Andrew Wilson has been the Electronic Arts (NASDAQ:EA) CEO for around 80 days. He recently answered questions alongside CFO Blake Jorgensen at the Credit Suisse 2013 Annual Technology Conference. During this talk, Wilson revealed his thoughts on his appointment to CEO and the direction he is taking the company amid rising competition from Activision Blizzard (NASDAQ: ATVI) and Take-Two Interactive (NASDAQ:TTWO)

Why Wilson?
There are a few qualities that Wilson believes landed him the CEO position.

At 39 years old, Wilson is one of EA's youngest CEOs. Wilson believes the board chose someone younger to replace former CEO John Riccitiello because a young person would "have a long-term view on the company, it's not a short-term view, it's not a hack and slash cost cutting, but it's a long-term drive to profitable growth." This focus on long-term growth is important and good to hear as an investor. Young CEOs have done well in the video game industry. An example is Activision Blizzard's Robert Kotick who took over as the company's Chairman and CEO when he was still in his 20s. Over the past 22 years he has steadily led the company to where it is today.

Second, EA elected to promote internally instead of finding a CEO from outside the company. Wilson commented "They [the board] believe we have great talent internally and they are looking for us to continue the strategy building hit titles with a foundation of cost management." Wilson has been an EA employee for 13 years showing commitment to, and understanding of, the organization's values and principles.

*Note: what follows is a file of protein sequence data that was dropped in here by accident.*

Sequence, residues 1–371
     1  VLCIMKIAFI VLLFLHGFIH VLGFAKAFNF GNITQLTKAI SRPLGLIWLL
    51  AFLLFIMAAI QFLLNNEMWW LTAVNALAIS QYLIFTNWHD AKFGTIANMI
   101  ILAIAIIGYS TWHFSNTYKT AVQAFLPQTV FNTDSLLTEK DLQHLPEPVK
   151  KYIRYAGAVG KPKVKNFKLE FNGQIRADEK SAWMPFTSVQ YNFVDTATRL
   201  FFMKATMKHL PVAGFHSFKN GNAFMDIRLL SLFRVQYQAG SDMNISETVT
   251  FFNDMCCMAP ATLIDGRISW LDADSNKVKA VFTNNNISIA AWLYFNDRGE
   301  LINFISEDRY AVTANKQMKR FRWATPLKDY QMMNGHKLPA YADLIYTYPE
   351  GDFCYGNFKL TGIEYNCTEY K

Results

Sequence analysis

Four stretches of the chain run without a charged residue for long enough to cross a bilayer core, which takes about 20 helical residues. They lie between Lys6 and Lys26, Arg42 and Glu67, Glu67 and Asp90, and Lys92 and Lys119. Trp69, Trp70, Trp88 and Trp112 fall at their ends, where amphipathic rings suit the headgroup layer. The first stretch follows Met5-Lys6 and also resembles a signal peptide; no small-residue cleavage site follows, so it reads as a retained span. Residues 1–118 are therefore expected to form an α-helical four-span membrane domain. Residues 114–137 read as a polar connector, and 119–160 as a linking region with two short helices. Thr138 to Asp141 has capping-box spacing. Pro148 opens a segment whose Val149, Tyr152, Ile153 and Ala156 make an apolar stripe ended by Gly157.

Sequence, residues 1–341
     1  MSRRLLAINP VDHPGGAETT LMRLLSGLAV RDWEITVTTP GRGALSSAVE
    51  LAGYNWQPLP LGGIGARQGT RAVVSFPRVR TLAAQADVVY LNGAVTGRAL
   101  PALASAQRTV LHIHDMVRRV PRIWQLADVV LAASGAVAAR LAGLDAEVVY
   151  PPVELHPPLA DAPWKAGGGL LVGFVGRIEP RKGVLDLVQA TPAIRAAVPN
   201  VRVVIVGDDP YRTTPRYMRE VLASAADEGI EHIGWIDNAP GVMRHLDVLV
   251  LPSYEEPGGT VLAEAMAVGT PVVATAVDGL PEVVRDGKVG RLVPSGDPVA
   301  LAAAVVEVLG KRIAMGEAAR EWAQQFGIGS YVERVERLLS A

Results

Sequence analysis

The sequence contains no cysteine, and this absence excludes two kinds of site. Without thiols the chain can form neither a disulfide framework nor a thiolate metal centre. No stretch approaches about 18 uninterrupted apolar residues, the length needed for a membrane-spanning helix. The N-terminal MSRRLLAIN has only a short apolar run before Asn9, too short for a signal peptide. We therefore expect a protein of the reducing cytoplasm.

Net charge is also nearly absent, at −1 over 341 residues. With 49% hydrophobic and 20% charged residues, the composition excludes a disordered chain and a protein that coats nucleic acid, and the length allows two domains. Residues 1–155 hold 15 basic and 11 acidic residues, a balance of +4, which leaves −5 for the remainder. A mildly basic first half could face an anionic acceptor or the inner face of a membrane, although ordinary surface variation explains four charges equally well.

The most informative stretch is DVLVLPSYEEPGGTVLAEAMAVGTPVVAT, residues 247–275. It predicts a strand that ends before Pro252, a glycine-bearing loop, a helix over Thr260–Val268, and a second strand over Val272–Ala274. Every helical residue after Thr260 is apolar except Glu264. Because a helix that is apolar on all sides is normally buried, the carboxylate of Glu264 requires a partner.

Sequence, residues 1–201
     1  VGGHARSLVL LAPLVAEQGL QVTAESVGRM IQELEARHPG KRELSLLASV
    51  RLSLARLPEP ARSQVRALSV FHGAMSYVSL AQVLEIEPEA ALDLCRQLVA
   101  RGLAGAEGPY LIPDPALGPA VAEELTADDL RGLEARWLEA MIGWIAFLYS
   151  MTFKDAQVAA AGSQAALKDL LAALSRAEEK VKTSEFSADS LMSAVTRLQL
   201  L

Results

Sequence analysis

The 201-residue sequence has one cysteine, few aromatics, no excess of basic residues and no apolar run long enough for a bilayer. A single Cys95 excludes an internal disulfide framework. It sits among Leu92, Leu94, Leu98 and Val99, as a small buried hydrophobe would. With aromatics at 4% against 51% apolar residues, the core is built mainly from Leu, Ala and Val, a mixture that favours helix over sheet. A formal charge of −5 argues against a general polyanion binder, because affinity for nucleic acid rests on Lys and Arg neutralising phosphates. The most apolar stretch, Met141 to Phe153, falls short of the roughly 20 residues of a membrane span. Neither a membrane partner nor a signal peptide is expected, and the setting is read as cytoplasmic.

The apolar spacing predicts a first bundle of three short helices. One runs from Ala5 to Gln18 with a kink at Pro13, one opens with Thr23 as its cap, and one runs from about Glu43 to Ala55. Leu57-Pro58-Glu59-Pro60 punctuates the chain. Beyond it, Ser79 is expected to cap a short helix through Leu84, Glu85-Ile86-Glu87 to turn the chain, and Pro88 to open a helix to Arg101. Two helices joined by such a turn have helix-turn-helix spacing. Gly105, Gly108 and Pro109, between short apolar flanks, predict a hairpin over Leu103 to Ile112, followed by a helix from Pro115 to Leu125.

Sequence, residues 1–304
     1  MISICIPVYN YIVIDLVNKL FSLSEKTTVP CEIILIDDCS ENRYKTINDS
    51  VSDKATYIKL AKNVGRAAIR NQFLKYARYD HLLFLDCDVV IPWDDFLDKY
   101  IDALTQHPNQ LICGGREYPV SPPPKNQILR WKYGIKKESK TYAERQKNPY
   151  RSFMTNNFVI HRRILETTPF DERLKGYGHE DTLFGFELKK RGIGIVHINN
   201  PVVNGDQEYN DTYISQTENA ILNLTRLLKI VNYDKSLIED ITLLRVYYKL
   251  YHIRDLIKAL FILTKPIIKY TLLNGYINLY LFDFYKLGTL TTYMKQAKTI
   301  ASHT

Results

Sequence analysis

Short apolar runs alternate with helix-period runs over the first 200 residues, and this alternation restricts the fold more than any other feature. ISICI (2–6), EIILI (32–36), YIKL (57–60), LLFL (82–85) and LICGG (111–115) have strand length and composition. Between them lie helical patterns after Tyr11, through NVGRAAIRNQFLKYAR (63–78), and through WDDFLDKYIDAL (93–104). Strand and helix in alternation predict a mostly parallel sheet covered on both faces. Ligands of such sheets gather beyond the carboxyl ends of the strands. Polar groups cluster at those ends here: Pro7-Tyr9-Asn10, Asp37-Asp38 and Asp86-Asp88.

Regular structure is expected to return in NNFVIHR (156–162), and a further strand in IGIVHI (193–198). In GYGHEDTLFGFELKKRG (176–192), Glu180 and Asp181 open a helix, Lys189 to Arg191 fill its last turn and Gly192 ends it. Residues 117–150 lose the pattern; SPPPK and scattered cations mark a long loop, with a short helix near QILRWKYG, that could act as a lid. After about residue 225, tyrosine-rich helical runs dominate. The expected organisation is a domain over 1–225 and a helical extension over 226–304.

Third, Wilson is the first EA CEO to come from the company's studio system. He worked as the Executive Producer of the popular FIFA franchise before leading the EA Sports division with great success. Wilson knows what it takes to create strong products that consumers will purchase. He acknowledged that platform, analytics, and marketing are important but that the company's success will be determined by having "hit quality software."

The future
Moving forward, Wilson is focusing EA on three main areas of growth that include Gen-4 consoles, mobile gaming, and free-to-play PC games in emerging markets.

For this generation of consoles, Sony and Microsoft have simplified their architecture and tool sets which makes development easier for publishing companies. Wilson mentioned that it took EA two to three years to figure out how to get the most out of the PlayStation 3 and Xbox 360 while this generation has "reached the level of quality at launch that we didn't get through last time."

In addition to Wilson, Jorgensen spoke about EA's plans for marketing in the future. The company is trying to consolidate its sprawling marketing groups under one leader to create a stronger team mentality and draw more attention to where every dollar is being spent. The company is trying to move away from large-scale television marketing toward customer-to-customer marketing that offers a larger return on investment. EA has also discovered that engaging a consumer with digital content for a game such as those in the FIFA franchise increases the chance of that person purchasing a sequel. Digital content is also an opportunity to further monetize existing game titles.


Wilson's talk at the Credit Suisse 2013 Annual Technology Conference provided investors with information about the new CEO's vision and the company's direction. With a focus on long-term growth that's centered on creating quality software on high growth platforms, Wilson has shown an understanding of where the gaming industry is headed. I think this conversation will inspire confidence in Wilson and EA moving further into the transition between console generations.

Ben Popkin has no position in any stocks mentioned. The Motley Fool recommends Activision Blizzard and Take-Two Interactive. The Motley Fool owns shares of Activision Blizzard and Microsoft. Try any of our Foolish newsletter services free for 30 days. We Fools may not all hold the same opinions, but we all believe that considering a diverse range of insights makes us better investors. The Motley Fool has a disclosure policy.